After gathering harvest data, it’s time to analyze the results. Using statistical analysis will give you confidence in your data.

Statistics is a mathematical approach to determine, within pre-set confidence limits, if there are significant differences between treatments.

Significant differences between treatments occur when differences are consistent and great enough that you can be confident that they aren’t due to chance occurrence. If the treatments differ significantly, you can be confident that one treatment will be better than the other treatment under similar environmental and management conditions. The Least Significant Difference (LSD) is the minimum difference between treatment averages that is still considered significant. We have often mentioned having a level of confidence in the results. The Confidence level is how certain you can be that differences in the data are due to the treatments and not to chance. The confidence level is expressed as a percentage; most researchers use 95% when testing hypotheses with the intent of publication. Let’s say you conduct an experiment 100 times under similar conditions. At a 95% confidence level, you would expect to see similar treatment differences 95% of the time but other results in 5% of the cases. Farm decisions often are made with less certainty and an 80% confidence level may be adequate. You may be wondering why statistics are important. Statistics allow you to take into account that a random event could occur and change the outcome of what would “normally” happen. For example, your favorite college football team is the best team in its conference. This coming Saturday they are to play the worst team in the conference. You are fairly certain that your team is going to win but realize that they could lose, maybe because the star player is injured or the other team plays harder and smarter than usual.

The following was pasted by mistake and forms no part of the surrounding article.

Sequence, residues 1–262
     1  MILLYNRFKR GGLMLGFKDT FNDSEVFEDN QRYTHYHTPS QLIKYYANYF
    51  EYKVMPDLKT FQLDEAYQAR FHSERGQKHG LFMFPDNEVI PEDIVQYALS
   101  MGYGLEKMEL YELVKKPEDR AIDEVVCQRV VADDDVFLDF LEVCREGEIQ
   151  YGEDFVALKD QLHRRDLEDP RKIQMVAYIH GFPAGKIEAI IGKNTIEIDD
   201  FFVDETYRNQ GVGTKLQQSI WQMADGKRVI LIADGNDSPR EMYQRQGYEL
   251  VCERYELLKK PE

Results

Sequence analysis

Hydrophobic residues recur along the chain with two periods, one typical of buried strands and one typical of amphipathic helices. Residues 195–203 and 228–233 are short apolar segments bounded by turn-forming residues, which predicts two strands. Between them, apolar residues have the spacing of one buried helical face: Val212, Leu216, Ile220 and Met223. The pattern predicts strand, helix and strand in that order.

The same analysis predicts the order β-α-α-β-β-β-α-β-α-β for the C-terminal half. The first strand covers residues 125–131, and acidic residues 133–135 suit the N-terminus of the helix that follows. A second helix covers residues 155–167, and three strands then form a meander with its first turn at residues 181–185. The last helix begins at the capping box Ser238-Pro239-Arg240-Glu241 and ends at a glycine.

Statistics can help determine the probability that your favorite team, the conference leader, will not win. If your team and the worst team in the conference play many times, the number of wins and the point margins can be used to determine the risk of losing; we cannot be certain of winning the next game but we may be able to determine that there is just a 5% probability that your team will lose. The same is true with the data you collect with your on-farm research study; it needs to be analyzed to determine the probability that you will get similar results in another year or field.